Testimonies to Ministers and Gospel Workers


Chapter 42—The Need of Divine Guidance

[Special Testimonies, Series A 6:56-60 (1896).]

Christiania, Norway,

October 1, 1885

Dear Brother -----,

I was more sorry than I can express to learn that under your instruction Brethren ----- and ----- sought to restrict the work at the ----- camp meeting. You could not have advised them to do a worse thing, and you should not have put a work into their hands that they were not fitted to do in a wise manner. Be careful how you repress advancing work in any locality. There is little enough being done in any place, and it certainly is not proper to seek to curtail operations in missionary lines. TM 297.1

After looking matters over carefully and prayerfully, I wrote as I did in my notes of travel. I wanted to leave the matter in such a shape as not to discourage the laborers in ----- in their effort to do something, although I desired to give them caution so that they would not make any extreme moves in their plans. The workers were doing well, and ought to have been encouraged and advised to go on with their work. There are men in ----- who should have helped them by making needed donations to invest in the cause. They will have to give to the work before they will grow in grace and the knowledge of the truth. TM 297.2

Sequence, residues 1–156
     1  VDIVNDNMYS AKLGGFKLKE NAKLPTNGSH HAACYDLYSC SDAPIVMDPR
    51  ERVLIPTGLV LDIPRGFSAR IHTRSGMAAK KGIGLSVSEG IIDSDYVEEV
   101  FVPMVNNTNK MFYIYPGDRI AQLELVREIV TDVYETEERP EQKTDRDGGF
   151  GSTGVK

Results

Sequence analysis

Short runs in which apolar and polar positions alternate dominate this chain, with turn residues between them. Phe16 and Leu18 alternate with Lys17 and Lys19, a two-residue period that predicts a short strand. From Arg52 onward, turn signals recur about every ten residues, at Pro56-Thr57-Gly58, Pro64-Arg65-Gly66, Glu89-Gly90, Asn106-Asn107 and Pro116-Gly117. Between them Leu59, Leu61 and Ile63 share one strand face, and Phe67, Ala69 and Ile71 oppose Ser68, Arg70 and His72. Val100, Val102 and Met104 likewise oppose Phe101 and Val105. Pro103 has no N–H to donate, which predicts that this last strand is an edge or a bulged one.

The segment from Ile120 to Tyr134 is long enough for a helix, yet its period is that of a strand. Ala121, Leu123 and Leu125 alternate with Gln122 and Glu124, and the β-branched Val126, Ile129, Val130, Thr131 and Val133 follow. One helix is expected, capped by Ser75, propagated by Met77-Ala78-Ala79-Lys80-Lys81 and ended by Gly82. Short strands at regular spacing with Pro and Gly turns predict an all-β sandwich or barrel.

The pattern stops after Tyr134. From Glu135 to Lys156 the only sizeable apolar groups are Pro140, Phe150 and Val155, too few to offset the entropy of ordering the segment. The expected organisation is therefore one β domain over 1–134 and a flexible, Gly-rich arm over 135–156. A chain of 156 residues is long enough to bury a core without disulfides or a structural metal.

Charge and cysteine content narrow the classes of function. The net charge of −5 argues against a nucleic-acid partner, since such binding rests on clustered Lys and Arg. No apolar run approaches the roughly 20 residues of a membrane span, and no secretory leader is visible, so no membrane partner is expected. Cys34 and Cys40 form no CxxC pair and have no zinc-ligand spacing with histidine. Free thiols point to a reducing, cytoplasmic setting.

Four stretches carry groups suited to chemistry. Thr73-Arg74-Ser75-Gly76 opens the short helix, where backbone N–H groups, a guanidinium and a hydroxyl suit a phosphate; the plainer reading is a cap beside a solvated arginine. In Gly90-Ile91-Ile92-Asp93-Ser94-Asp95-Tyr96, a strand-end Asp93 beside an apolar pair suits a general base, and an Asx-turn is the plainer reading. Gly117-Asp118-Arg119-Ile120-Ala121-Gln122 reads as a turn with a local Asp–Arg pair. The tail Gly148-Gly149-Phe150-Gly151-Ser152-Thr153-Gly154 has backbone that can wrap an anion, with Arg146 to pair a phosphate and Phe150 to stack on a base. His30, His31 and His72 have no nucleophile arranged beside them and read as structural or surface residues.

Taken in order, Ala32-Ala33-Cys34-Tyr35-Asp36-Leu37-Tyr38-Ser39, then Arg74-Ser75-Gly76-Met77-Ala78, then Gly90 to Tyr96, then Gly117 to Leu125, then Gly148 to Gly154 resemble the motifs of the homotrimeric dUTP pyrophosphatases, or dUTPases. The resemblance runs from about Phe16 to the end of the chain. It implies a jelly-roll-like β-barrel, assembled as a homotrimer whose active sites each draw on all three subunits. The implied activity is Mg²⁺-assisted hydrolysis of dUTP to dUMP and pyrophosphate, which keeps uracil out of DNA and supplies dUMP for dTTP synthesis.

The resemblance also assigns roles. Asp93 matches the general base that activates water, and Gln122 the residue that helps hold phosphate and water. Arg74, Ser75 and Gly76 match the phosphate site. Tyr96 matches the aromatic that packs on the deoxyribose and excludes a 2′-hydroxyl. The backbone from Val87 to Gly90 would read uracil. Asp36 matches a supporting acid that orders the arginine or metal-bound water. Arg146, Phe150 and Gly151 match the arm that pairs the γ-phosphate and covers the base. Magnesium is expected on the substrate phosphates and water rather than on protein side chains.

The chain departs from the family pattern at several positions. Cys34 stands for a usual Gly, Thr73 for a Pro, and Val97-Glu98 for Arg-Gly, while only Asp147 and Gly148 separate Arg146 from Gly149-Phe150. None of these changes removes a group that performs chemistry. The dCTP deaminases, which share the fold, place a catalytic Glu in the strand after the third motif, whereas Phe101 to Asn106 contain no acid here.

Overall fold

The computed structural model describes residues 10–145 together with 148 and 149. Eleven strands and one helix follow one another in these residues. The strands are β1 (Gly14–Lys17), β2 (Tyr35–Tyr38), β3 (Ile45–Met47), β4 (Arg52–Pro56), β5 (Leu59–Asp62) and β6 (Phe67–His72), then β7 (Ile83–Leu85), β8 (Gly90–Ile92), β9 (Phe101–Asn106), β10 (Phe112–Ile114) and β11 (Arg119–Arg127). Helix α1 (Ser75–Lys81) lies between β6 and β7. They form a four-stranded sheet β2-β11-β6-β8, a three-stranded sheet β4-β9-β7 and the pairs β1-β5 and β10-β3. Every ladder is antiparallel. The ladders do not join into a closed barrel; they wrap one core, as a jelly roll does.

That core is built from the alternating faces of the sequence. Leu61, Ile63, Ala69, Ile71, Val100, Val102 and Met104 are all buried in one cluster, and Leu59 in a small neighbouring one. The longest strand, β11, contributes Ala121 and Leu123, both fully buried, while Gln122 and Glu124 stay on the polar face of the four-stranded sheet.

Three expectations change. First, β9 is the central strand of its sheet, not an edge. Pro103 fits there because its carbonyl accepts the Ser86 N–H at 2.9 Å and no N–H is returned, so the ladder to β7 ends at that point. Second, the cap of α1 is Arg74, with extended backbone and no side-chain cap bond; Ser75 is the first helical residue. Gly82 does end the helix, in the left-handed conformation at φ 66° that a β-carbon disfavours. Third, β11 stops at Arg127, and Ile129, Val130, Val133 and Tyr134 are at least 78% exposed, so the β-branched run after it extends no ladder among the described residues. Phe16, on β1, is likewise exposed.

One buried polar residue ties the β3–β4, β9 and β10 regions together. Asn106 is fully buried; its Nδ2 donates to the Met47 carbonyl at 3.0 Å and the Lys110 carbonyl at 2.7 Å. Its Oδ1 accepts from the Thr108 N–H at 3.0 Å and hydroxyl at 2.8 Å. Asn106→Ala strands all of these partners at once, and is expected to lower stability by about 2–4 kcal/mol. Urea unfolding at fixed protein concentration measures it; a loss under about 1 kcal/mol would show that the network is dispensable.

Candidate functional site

You and your workers should have looked at this matter from different points of view than you did. You should have investigated the work thoroughly, and asked yourselves if five thousand dollars was too large a debt to incur in the important work in which these workers were engaged. Your influence should have been exerted in such a way as to cause the people to see the importance of the work, and to realize that it was their duty to rise to the emergency. You should have done as I wrote of doing, in my notes of travel. But if our brethren feel at liberty to stop the work when they cannot see where money is coming from to sustain it, then the work will not only be contracted in ----- and -----, but in every other state in the Union. If our workers are going forward in any place, do not put up the bars, and say, Thus far shalt thou go, and no farther. I feel sad that you have closed up the school at -----. I see that the brethren sent to look after this enterprise have not taken measures to advance the work by soliciting donations from men who could give. There are rich men in the conference, who have made complaints about the debt that has been incurred, who ought to have sustained these workers. While reproach and discouragement have been cast upon the workers, the impression has been left upon those who have means that they have a perfect right to question every enterprise that calls for money. TM 297.3